But it was Carlos Sainz, who sealed his first grand prix win in his 150th race start, defying team orders to easily pass teammate Charles Leclerc following a late safety car as Hamilton had to make do with his second straight podium.
Hamilton and Mercedes were left to rue a missed opportunity with a late change to soft tyres, which Hamilton questioned, and appeared to make his car harder to handle. And yet it was a notable step forward in a car he described as undriveable at the start of last grand prix weekend in Canada in front of a record 142,000 fans at Silverstone.
A race, which was captivating from lap one to the chequered flag, had to be red flagged on the opening lap following a dramatic melee which saw Zhou Guanyu’s Alfa Romeo dramatically flip and fly into the barriers. Remarkably, he escaped unscathed, his life undoubtedly saved by the halo device.
Deemed a racing incident by the stewards, it happened as George Russell moved to cut off Pierre Gasly was clipped and, in turn, hit Zhou, who saw the top of his car skidding across the track before flying over the tyre wall and into the barriers.
That Zhou was given a clean bill of health after the 160mph shunt and his extraction was remarkable, so too that no marshals were injured. It also ended the races of Alex Albon, who was being checked over at Coventry Hospital after hitting the wall, and Russell.
Amid the red flag, four protestors climbed the fence and performed a sit-down protest on the track, leading the slowing cars to drive their way past them before the quartet were arrested.
When racing finally resumed, Sainz, who had been passed by Max Verstappen at the initial start, had a much better start second time around.
Leclerc touched with Perez twice, forcing the Mexican into the pits and damaging the front end plate of the Ferrari.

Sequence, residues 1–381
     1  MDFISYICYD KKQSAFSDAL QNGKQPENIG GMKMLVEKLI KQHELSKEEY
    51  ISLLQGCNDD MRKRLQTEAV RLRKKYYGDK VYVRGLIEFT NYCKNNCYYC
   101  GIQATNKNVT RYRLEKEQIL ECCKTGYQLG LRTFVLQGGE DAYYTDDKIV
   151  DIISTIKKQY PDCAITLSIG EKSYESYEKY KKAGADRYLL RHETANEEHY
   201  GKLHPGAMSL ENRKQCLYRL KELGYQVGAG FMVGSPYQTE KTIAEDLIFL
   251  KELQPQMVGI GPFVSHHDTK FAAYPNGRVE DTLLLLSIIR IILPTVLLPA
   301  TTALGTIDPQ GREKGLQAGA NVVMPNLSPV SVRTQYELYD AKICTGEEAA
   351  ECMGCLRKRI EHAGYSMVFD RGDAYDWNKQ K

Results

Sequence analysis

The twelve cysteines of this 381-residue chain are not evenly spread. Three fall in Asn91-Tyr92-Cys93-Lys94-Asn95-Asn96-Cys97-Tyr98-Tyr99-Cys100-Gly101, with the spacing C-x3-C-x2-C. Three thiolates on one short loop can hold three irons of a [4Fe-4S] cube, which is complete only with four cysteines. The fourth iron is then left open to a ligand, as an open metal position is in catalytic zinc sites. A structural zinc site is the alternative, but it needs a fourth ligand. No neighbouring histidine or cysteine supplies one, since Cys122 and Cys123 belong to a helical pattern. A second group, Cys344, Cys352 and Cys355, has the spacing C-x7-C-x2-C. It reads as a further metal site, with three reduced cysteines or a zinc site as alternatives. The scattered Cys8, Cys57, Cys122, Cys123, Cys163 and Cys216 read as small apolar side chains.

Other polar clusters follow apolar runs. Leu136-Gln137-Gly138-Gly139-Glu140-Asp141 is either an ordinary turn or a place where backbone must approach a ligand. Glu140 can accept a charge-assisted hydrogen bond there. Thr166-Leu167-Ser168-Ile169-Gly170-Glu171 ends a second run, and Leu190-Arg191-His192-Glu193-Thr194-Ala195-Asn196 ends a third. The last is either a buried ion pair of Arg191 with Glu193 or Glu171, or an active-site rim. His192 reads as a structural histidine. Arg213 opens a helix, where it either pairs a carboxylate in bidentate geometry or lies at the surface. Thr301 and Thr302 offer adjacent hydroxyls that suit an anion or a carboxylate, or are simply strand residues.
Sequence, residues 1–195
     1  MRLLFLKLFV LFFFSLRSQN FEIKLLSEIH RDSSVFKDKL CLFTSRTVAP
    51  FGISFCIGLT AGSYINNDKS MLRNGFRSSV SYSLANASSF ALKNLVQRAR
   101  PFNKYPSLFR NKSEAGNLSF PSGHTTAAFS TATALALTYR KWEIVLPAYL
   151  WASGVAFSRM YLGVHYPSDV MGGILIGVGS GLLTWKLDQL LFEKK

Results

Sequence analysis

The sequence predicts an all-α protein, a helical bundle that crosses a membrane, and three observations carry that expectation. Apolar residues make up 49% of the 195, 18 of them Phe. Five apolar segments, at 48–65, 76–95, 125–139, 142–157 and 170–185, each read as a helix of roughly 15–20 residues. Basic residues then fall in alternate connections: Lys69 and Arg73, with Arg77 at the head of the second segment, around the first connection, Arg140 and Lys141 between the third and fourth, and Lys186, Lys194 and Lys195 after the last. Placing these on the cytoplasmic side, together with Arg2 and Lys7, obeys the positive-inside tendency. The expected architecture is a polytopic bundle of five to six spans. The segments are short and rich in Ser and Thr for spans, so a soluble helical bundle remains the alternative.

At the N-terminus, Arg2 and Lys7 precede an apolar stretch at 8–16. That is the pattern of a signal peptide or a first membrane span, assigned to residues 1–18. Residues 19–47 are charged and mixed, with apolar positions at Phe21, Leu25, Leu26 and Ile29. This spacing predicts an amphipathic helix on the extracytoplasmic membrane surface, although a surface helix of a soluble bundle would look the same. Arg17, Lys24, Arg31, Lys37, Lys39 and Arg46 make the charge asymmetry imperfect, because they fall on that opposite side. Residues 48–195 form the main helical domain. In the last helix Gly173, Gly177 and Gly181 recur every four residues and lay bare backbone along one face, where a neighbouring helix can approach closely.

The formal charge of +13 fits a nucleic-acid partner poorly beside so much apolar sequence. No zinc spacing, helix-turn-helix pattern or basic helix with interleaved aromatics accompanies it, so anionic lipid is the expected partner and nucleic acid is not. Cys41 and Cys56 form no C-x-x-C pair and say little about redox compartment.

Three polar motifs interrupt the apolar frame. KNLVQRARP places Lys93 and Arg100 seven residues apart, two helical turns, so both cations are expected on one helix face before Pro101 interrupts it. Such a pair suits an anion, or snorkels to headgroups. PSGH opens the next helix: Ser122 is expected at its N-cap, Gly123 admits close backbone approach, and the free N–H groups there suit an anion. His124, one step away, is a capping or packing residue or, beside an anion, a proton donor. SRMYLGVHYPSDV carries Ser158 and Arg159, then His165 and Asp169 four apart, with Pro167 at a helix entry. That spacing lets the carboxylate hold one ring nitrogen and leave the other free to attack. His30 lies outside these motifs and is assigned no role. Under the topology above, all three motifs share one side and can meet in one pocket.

A weekend which had begun with Verstappen dominating ended with him in a lowly seventh place and spending more time remonstrating with his team on the race radio than fighting for track position.
He came into the pits with what he thought was a puncture on lap 12 and, on his return to the track, said over the race radio “the car is 100% broken”. The team said otherwise but he lacked the sort of pace that had seen him dominate the early weekend practice sessions because of bodywork damage.
It looked set to pave the way for the two Ferraris to battle it out for the win before Hamilton had other ideas. Nigel Mansell had once said that the home crowd was worth a second a lap. Whatever the reality, Hamilton pulled fastest lap after fastest lap on the medium tyres before pitting and coming out just behind the Ferraris after a pitstop 1.5seconds slower than his rivals.
When Esteban Ocon ground to a halt on the track on lap 39, the safety car came out. With only a split second to decide, Ferrari made a costly error in not bringing Leclerc into the pits but Sainz and Hamilton did, going onto the soft tyres.
Sainz was told by his team to give his teammate space before the safety car pulled in and to back up Hamilton in the process but he refused and comfortably passed him on the resumption of racing.
Hamilton, meanwhile, struggled to get up to speed on the softs and found himself embroiled in some thrilling racing with Perez and Leclerc with multiple changes of track position in the dying laps of the race.
All three went off the track at different stages before Perez’s superior straight-line speed saw him past and pull clear. It was a great escape by the Mexican, who had been last before climbing up to second at the chequered flag, with Hamilton rounding off the podium at the end of a truly captivating race.
For Leclerc, it was a case of what might have been and what could also have been a race win without the late safety car.